What causes the different colors in the aurora?
Well, remember that we said when an energetic particle is coming in from outer space, it’s going to eventually strike a molecule in the Earth’s ionosphere, and that’s what emits the light. So at higher altitudes, we have a lot more oxygen molecules, while at lower altitudes we have more Nitrogen molecules. A very very slow energetic particle coming from space is not going to travel very far before hitting an oxygen molecule and when it hits the oxygen molecule, the oxygen molecule will actually emit a red light. But a very fast particle coming in from space will travel fast enough to make it in from lower altitudes, and it will bypass the oxygen and hit the nitrogen instead. And the nitrogen will emit a green light. So the reason we see different colors is basically the different molecules in Earth’s ionosphere that are being hit by the energetic particles coming in from outer space.

Can you explain a little bit about how the solar wind is different from the wind here on Earth?
Sure. The wind on Earth is composed of dense air. I know it doesn’t feel dense because you can push your hand through it, but it’s actually a lot denser than outer space. Usually wind here on Earth is caused by changing pressure. You have a pressure system moving in, and suddenly you get strong winds, blowing from a higher pressure to a lower pressure, because all these particles in the air want to go to a region with less pressure. But the Sun is emitting light and radiation and energetic particles like electrons and protons. These all move radially outward in every direction, away from the ball of the Sun, so you have the solar wind going outward. It can travel very very fast, much faster than the winds you’ll see on Earth’s surface, and this is what’s called plasma in outer space. If you hear the word “plasma” it’s these charged particles that are being carried out from the Sun on the solar wind.

What is your role in the THEMIS Mission?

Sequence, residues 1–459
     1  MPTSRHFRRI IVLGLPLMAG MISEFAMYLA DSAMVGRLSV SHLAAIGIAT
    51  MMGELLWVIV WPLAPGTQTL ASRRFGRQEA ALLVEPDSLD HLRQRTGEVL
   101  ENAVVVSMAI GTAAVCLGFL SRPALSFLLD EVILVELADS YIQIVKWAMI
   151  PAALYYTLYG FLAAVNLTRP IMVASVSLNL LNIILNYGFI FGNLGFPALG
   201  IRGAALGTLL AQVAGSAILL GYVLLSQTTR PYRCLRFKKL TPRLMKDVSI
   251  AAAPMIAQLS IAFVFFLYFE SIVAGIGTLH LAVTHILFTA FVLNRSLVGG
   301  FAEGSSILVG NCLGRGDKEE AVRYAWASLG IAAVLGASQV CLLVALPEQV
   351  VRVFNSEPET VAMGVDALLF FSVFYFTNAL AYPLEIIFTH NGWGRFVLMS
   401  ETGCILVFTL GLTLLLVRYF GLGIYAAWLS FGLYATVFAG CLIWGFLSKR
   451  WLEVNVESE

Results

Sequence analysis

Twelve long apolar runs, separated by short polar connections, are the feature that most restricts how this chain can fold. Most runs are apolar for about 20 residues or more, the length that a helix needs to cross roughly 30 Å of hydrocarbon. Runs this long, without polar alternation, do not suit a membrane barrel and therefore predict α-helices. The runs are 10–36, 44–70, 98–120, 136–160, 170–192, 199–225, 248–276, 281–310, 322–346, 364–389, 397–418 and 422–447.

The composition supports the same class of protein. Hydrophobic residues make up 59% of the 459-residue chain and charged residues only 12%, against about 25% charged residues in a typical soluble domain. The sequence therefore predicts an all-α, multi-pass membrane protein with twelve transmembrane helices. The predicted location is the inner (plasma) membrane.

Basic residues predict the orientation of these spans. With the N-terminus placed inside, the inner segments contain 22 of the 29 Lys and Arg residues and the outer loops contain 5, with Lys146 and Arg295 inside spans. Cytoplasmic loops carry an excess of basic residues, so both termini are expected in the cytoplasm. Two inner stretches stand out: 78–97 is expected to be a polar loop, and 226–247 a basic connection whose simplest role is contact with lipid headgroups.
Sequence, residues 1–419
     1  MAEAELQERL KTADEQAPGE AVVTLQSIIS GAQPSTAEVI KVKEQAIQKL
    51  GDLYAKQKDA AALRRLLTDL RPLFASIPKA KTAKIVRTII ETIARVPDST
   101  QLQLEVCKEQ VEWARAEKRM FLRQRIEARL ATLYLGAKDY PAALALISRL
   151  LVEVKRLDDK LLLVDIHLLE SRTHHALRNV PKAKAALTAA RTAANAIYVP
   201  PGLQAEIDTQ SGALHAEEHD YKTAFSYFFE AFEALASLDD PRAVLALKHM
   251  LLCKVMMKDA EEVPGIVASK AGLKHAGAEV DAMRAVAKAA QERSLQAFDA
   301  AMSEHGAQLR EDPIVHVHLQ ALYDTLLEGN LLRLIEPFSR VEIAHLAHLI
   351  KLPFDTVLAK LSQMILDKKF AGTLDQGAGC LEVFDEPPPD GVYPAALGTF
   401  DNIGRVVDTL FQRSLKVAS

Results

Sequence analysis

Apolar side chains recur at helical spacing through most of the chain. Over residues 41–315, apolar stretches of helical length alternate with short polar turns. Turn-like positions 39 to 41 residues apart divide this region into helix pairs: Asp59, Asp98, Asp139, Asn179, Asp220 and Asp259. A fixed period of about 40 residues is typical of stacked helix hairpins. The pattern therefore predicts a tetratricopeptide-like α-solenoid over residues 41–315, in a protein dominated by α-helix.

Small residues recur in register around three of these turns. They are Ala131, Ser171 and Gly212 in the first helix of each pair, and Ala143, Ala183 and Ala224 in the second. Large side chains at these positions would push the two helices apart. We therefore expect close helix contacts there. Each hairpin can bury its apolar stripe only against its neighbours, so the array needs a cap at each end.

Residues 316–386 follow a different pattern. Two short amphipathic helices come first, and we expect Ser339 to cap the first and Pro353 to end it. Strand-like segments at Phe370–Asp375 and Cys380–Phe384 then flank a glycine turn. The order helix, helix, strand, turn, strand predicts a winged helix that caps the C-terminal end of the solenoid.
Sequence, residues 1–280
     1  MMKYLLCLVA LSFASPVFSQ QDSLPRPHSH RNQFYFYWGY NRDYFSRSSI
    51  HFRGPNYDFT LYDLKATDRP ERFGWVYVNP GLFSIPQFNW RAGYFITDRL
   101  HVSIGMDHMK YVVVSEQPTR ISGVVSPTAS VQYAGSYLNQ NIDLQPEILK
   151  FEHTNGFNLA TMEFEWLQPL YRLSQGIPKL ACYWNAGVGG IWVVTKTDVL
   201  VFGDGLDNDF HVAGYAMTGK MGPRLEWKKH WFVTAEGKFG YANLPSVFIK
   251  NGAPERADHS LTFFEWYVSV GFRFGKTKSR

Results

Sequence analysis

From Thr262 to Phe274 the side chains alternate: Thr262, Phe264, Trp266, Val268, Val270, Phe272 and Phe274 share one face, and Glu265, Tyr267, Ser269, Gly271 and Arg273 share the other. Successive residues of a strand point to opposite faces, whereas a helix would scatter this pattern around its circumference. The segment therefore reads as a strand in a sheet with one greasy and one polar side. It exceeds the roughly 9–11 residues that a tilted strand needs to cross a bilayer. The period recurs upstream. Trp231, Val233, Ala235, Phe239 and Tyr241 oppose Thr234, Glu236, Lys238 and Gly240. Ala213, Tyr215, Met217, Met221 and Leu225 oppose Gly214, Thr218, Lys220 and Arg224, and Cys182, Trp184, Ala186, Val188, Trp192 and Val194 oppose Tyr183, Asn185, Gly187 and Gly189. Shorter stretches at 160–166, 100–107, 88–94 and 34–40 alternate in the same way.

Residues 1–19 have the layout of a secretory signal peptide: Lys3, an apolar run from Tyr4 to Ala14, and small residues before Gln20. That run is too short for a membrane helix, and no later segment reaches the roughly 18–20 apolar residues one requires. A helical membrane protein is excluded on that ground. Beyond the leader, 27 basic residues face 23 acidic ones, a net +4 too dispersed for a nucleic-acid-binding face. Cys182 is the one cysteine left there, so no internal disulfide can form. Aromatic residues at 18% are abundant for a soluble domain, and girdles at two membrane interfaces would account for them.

Well, I’m a graduate student, so, in a few words, I would consider myself a “scientist-in-training.” What that means is when I first came in, I didn’t know too much about the field. But I learned a lot through hands-on experience, where I am actually doing real research just like a real researcher or a professor, but as a student I have the benefit of getting a lot of advice and direction from those who have more experience than me, like my advisor. It starts out I get some research projects where they’re interested in finding out different answers to questions and then I look at the data and I try to answer those questions. Now that I’m a little farther along towards getting my degree, I have, with the help of my advisor, honed in a research topic that’s interesting to me—which is all about, essentially, how you will transport these energetic particles from the Sun that have got trapped in our Earth’s magnetotail, and how those particles come streaming back towards the Earth. Which is actually quite interesting for us to know, because when these particles come streaming back towards Earth, that’s usually when we get this space weather and we can end up having some dangerous situations when we have higher radiation levels in outer space. It can actually harm our spacecraft and our satellites, so we can actually lose our GPS satellites or our communications satellites can go down. For instance recently, there was what we call a substorm – it’s a type of space weather that occurred – and one of the Blackberry satellites went down, so all these people with their Blackberries couldn’t call anybody! And it’s also actually dangerous for astronauts who are living in space. So the more we can understand about how space weather is going on, what causes it – the more we’ll be able to protect our satellites and our humans in space.